If ever there was a contemporary artist perfectly suited for having a game based on his work, it’s Roger Dean. I mean, yeah, a Thomas Kinkade hidden object game would please my aunts, and I can think of a dozen games that remind me of the artwork of Laylah Ali, but when it comes time to fly dragons through mystical landscapes, you go with Roger Dean, right?
What is it?
Dragon’s Dream is, in fact, more of a showcase for Roger Dean’s artistry than it is a game. Whether you pilot the dragon yourself or sit back and just take in the scenery, Dragon’s Dream is about bringing the artwork of those Yes album covers in your collection to life.
How does it work?
With the visualizer, you just sit back and watch the dragon fly through the landscapes (Oceanic Arches and Forest of Mist). With some new age music playing in the background, it’s actually quite relaxing, and is sure to please Dean’s fans for a bit.
But when you want to get involved, there are two gameplay modes: Arcade and Free Fly.
Both require you to tap/hold the screen to help the dragon ascend. Release, and it falls. Using this simple flight mechanic, you have to pilot the dragon through the landscapes, avoiding obstacles (rocks, for the most part) while collecting orbs. The dragon flies faster as time progresses, making for some pretty challenging sequences when the paths become narrow. Even here, though, the artwork takes center stage as trees whiz by and butterflies/dragonflies occasionally flit around to obstruct your view.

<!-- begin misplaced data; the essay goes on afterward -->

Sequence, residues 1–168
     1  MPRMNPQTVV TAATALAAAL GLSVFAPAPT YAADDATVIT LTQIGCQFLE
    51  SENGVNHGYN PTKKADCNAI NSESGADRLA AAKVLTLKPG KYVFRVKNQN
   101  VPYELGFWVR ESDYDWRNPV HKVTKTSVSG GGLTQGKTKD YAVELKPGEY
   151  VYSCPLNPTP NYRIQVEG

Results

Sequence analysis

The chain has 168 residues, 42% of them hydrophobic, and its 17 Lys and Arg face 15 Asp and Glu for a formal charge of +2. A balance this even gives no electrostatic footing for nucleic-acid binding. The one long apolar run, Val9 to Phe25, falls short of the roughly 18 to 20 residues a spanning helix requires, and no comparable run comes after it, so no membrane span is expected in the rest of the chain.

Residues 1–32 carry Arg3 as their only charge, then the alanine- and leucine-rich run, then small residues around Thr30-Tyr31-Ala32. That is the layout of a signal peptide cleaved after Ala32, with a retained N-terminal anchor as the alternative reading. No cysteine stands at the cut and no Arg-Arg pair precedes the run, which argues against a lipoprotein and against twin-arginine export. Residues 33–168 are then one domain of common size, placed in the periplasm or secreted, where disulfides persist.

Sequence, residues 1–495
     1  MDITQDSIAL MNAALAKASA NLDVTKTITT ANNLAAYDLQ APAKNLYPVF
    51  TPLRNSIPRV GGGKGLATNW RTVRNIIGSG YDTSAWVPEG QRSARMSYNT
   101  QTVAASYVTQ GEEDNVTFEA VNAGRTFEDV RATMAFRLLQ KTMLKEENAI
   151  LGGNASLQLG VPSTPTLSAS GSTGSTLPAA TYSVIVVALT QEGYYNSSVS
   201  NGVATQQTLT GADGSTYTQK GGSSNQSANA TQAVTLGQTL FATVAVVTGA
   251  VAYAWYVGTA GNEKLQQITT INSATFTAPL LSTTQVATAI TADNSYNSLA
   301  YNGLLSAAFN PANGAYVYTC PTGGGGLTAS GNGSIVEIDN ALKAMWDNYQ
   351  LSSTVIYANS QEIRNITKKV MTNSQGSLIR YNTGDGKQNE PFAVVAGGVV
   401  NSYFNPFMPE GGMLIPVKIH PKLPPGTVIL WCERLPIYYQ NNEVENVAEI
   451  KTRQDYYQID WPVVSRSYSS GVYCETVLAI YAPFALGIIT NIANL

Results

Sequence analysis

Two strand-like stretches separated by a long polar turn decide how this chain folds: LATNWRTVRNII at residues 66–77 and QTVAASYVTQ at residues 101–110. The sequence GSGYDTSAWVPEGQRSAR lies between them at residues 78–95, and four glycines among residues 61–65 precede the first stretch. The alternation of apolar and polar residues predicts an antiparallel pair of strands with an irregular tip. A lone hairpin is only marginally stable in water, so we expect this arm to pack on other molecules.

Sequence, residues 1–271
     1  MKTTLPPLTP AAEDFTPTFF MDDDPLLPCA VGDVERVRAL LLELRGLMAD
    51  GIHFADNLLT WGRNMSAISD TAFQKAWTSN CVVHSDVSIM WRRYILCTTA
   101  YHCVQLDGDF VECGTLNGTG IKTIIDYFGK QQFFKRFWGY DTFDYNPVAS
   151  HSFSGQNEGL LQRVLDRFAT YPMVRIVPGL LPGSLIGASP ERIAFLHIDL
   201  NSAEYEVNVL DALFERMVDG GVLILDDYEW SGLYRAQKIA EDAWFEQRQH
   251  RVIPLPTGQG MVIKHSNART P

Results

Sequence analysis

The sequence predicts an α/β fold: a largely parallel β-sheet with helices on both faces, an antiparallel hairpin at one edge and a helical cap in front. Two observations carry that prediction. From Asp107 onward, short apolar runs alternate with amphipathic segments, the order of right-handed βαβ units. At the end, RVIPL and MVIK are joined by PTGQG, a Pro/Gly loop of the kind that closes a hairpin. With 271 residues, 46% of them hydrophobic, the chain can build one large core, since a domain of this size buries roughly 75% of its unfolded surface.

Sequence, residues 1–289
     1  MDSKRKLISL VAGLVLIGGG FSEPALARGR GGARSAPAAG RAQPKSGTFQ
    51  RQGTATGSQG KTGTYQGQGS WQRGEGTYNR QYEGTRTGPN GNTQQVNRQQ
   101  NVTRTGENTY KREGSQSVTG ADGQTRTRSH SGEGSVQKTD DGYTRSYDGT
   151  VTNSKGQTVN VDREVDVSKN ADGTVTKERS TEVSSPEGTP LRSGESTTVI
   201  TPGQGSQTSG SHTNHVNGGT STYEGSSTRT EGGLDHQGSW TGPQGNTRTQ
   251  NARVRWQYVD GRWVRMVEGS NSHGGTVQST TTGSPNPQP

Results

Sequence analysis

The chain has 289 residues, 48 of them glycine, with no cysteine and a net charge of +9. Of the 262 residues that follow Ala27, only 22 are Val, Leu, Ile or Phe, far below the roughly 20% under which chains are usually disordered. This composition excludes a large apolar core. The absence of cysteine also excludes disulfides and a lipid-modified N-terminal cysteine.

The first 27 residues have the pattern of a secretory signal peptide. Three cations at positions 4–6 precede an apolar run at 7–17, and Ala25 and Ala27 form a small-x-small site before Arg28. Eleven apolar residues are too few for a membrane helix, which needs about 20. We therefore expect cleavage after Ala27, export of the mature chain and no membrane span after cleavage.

Do well enough, and you unlock Roger Dean’s artwork which can be saved to your camera roll to use as wallpaper.
You also unlock segments of a never-before-seen piece of artwork: Blind Owl.
Is it contagious?
As a game, not really. Although it’s fun, there are only two levels, and the gameplay remains the same throughout. But if you’re into Roger Dean, it’s a fantastic (and proper) showcase of his work. I would like to see more landscapes released, either via updates or in-app purchases, and if they couldn’t use Yes music in the game, they could circumvent that by allowing us to play music in our iTunes collections instead of going with the stock music (which is good, but it’s not Nous Somme du Soleil).
One thing I’d like to see changed now; when flying through the serene landscapes, hitting an object results in an overly harsh thwack, and the screen flashes white. It’s jarring, and it feels more like a development mistake than anything else. There’s got to be a better way to handle that. Regardless, if you’ve ever looked at one of your Yes or Asia album covers and thought, “I’d rather be there than where I am right now,” this is likely as close as you’re going to get.